Are non-banks finally getting a cut through in the UK Business FX Market?

The rise of alternatives to established banks in the UK has been predicted by many industry commentators for a number of years, with many encouraging it to break the domination of the incumbents and provide much needed innovation to a sector held hostage to legacy technology.

Cross-border payments has been one area seen as ripe for such change, especially small businesses poorly served by big banks. The opportunity this presents has attracted many new entrants, such as FinTech players, along with established payment providers who see new growth channels to pursue.

In cracking such a market, mind share (brand recognition and recall) is key. This has proved to be a major challenge for these new entrants and has become somewhat of a black hole for their hard-fought investment funds in marketing spend. So, despite lots of PR noise about their arrival, the big bank incumbents have continued to reign, even with small business. But change maybe finally happening.

While domestic banks have been consistent mind share leaders with the likes of HSBC and Barclays enjoying double digit mindshare and market share, others such as NatWest and Lloyds are in single digits and declining in both measures. In the last 12 months, this decline in mind share for many domestic banks has been impacted further as non-bank BFX providers’ mind share reinitiates growth after 18 months of no-growth, potentially indicating that non-banks are finally breaking through a ‘glass-ceiling’.

Looking more closely into the non-bank space, the recent increases in mind share have largely been with Micro and SME businesses. This would seem to indicate that non-bank providers are now more effectively focusing their marketing efforts on these size of businesses.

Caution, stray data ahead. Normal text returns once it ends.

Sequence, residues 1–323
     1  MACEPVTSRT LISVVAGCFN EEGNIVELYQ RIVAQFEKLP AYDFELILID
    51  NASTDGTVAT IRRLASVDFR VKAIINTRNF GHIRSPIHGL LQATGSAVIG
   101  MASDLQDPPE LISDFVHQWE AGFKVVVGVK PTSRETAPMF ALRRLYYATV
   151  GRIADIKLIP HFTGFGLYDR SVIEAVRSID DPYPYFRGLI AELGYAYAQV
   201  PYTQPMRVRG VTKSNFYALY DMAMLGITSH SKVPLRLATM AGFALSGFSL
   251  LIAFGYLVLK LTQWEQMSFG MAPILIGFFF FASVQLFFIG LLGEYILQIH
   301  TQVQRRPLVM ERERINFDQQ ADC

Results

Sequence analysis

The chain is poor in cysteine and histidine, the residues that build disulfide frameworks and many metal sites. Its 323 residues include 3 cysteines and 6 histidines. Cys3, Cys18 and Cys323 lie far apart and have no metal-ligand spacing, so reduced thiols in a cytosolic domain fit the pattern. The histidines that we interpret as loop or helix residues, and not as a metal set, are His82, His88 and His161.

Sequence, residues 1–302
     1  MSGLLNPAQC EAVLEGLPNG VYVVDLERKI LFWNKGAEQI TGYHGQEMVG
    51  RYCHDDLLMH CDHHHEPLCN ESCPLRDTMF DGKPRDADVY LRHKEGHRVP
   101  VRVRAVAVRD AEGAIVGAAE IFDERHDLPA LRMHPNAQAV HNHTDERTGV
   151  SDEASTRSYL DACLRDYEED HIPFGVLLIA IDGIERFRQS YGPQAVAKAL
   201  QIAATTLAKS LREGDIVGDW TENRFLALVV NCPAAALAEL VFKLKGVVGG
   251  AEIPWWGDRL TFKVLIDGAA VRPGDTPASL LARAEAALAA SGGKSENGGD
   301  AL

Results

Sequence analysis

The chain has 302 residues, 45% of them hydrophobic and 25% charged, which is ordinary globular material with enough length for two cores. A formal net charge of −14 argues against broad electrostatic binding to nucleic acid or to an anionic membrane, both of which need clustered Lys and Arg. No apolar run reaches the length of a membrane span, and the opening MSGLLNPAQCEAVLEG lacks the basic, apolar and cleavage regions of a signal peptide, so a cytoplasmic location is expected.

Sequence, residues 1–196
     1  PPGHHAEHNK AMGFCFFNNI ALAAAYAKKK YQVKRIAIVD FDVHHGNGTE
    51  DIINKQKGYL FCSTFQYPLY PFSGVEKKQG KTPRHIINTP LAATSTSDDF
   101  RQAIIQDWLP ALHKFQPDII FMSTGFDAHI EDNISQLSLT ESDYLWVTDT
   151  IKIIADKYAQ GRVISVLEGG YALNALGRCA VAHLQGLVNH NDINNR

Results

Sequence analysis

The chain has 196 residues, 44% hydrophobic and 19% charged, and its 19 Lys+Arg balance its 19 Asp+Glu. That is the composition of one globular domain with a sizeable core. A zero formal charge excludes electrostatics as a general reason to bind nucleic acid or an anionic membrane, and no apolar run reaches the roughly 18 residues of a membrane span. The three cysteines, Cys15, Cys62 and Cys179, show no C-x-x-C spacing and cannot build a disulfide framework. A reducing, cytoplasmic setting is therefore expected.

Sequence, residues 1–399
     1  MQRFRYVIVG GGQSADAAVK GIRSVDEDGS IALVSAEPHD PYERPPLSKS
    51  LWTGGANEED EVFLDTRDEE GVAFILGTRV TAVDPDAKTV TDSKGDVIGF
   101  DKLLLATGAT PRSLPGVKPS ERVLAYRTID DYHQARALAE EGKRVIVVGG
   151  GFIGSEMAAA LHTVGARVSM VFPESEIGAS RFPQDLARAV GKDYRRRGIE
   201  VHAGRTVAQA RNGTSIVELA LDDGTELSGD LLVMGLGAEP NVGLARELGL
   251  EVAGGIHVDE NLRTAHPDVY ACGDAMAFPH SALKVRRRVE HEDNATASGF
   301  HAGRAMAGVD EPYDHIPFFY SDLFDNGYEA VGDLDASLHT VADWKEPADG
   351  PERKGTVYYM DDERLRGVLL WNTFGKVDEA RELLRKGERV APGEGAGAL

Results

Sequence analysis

However, while non-banks’ mindshare is significantly less with lower corporates there is a growing awareness for them within this segment. To date banks have been far more dominant with lower corporates, especially with hedging FX products. The upturn in mindshare for non-banks in this segment however presents a very lucrative opportunity for them in the future if they can capitalise on it.





The real question these mind-share successes pose is whether the marketing efforts of these non-banks have been useful in providing any ROI in the form of greater market share?

In the UK spot FX market E&P’s BFX insights show the answer is “yes”. The latest insights show there has been an upward rise of non-bank providers in this competitive product line. Over the past three years non-banks have seen their market share rise by a resounding 5.9 percent and with a distinct upward turn in the first half of 2019, whilst domestic and international banks have fallen by 4.9 percent and 1.5 percent respectively. Non-banks are now definitely, albeit slowly, stealing market share from the incumbent market leaders.

This transition in market share corresponds with businesses openness in using a non-bank provider for their cross-border payments. E&P’s UK BFX research in H1 2019 found that there is a strong propensity and willingness for Micro and SME businesses to use a non-bank provider – particularly for cross-border payment transactions. Reported with an inverse rating scale, businesses rated their openness in using a non-bank provider for their cross-border payment transactions on a scale of 1 – 5, with 1 being ‘very open’ and 5 being ‘not open’. The average rating score for Micro and SME businesses were 1.69 and 1.94 respectively. Any rating lower than 2.25 can be viewed as businesses being open to using a non-bank provider.



There are winners and losers with this dual-dynamic of mind share and market share. In the UK, non-bank winners include Monex, SAXO and Worldfirst, all benefiting from increases in both mind share and market share. However, losers don’t just include some of the UK’s domestic banks. A long-established non-bank, Western Union Business Solutions, is suffering from the reverse with this dual dynamic, with declines in both mind share and market share in the UK.


About East & Partners Business FX program

East’s ‘voice of the customer’ metrics provide access to trackable unprompted brand recall, market share, wallet share and other fundamental metrics on Micro, SME and Lower Corporates use of BFX. With competition at its peak and the number of providers (including FinTechs) growing in all product lines, it’s never been more important to keep track of a provider’s performance relative to their competitors. East captures this insight as part of its Business Foreign Exchange (BFX) programmes’, reporting that enables providers to track their performance relative to their competitors every six months.

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